Lady Phyll – Grasping at the root: the fight for Black queer equality

Lady Phyll

The School of Arts have teamed up with WoWFest2021, with students from across the School previewing events from this festival of radical writing, taking place throughout May. 

Yumi Li-Vi (year 3, Communications and Media with Sociology) previews Lady Phyll – Grasping at the root: the fight for Black queer equality’, Tuesday 11 May, 7.30 pm. Tickets £10/£5 concessions

It can seem that everyone and their mothers have become obsessed with establishing their “woke” credentials. Whether signing a petition against police brutality or sharing a black square on your Instagram feed, many of us want to be seen as warriors for social justice. Of course, it is great to see that people have become more aware and passionate about world issues, but are we doing enough? Are we doing enough to really educate ourselves and others on these important topics for the long run or do these bursts of political action just become more posts on the giant pile of temporary slacktivism?  

Phyll Opoku-Gyimah, also known as Lady Phyll, a British activist who is the co-founder of UK Black Pride and the executive director of Kaleidoscope Trust (an organisation fighting to uphold the human rights of LGBTQ+ people around the world), is going above and beyond to help tackle deeply rooted societal issues around race, gender and sexuality. As a Black lesbian woman, she has gained widespread recognition and awards for her activism that have promoted unity, raised issues within the Black LGBTQ+ community, as well as stressing the importance of intersectionality. Despite attempts to fight against systemic prejudice from movements such as Black Lives Matter, she believes there is “still a long way to go”. For things to change, we need to unlearn, address, and unpack why Black people continue to face extreme injustice every day. 

On 11 May 2021, Lady Phyll will be joining WoWFest for a discussion titled ‘Grasping at the root: the fight for Black queer equality’. She will be educating us on the ‘root’ of these issues and enlightening us on how we can further our efforts to bring about positive social action for the Black queer community. If you’re like me, sat behind a screen feeling frustrated and helpless whilst watching new stories flood in every day about the injustice that these communities face, then I’d highly recommend popping along to this discussion. These themes have never been more relevant than now.

We are living in a time where hate crimes are increasing annually. According to the 2019 CSEW, race accounted for 76% of hate crimes. Sexual-orientation hate crimes increased by 25% in the UK. Also, considering the pandemic, it is evident that Coronavirus has disproportionately affected BAME communities. But issues of homophobia and racism are far from new. They are so deeply rooted throughout history and there are colonial-era laws in places such as Jamaica and many African countries that criminalize homosexuality.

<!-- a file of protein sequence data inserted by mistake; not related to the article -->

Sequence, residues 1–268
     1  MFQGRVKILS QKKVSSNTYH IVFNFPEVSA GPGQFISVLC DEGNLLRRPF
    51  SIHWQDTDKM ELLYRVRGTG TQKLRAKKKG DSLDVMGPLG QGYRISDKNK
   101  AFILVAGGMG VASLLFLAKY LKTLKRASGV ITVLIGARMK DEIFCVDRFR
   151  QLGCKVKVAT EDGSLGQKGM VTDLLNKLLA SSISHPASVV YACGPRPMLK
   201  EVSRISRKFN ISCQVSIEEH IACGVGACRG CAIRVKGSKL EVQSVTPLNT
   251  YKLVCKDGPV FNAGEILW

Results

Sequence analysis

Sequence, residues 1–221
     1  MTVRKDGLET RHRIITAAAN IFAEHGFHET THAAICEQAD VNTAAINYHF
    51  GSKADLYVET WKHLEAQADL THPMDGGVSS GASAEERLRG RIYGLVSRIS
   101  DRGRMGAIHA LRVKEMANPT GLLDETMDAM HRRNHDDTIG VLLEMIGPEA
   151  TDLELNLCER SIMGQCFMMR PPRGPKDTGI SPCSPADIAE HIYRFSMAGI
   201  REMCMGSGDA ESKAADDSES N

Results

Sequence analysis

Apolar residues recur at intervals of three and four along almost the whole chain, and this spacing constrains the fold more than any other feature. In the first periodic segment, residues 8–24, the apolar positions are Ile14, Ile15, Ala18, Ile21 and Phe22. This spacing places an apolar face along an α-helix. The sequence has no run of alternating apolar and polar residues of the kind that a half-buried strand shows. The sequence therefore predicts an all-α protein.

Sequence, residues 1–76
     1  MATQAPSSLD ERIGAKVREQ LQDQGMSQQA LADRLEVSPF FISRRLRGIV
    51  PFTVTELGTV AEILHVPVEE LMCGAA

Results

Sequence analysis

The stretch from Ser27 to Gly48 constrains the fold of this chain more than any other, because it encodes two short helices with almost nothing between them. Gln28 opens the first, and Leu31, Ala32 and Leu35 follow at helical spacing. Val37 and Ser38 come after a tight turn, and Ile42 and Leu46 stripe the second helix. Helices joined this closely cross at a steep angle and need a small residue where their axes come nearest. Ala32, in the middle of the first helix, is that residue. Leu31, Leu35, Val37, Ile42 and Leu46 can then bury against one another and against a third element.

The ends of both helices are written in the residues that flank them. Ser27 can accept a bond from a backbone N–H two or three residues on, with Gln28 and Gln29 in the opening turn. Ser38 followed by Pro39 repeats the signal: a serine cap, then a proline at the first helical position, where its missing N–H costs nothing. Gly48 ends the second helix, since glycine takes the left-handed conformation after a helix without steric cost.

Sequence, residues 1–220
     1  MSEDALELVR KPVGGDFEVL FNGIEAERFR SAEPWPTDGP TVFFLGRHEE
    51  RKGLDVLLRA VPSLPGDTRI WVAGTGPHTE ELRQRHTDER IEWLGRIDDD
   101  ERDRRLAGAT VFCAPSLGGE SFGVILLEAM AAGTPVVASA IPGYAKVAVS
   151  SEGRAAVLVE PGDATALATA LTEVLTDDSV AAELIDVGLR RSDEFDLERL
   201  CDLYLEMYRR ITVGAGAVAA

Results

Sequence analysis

One way of viewing the emergent sense of ‘wokeness’ is to see progression in society with more inclusive representations in mainstream media of Black queer characters and actors. But we have barely touched the surface in terms of achieving equality. Even last month, the rapper, Lil Nas X – a Black and out-gay man – was excoriated by the media for his ‘camp’ provocative music video promoting so-called “devil-worshipping”. We all know that if he was a White heterosexual female, the opinions would be completely different. It is time we addressed the intersectional relationship between Blackness and Queerness. 

As a media and sociology student, I am constantly analysing representations of marginalised and minority communities within the media and applying wider contextual societal issues towards them to uncover why things are the way they are. Eager to expand my learning on these discriminatory ideologies, I am massively excited by this event. It is going to be extremely interesting and useful to hear Phyll discuss where she believes these problems have stemmed from and how she thinks progression can occur. In universities around the UK, many have reported racial profiling and mishandling of racist complaints, so these types of issues are closer to home than many may think. By learning about issues that the Black queer community face, we will be able to understand individuals’ experiences and hopefully find out how to become better allies in the future.

UK Black Pride is “run by us, for us”, says Lady Phyll, and this is why her perspective on this topic will be so fascinating. We need to listen to those such as Phyll who have been active in the Black queer community and can speak to the marginalisation and oppression faced both in the UK and other contexts. It is still both baffling and upsetting that, in the 21st century, people are being made to fear for their lives just by simply being who they are. I can’t even begin to imagine how tiresome it must be to have to constantly justify your existence to the world and I will try my best to take inspiration from Lady Phyll and the thousands of brave others fighting for this cause. Anyone else who wants to join me is more than welcome to!

Part of WoWFest21: celebrating 21 years of radical writing. Check out the full programme here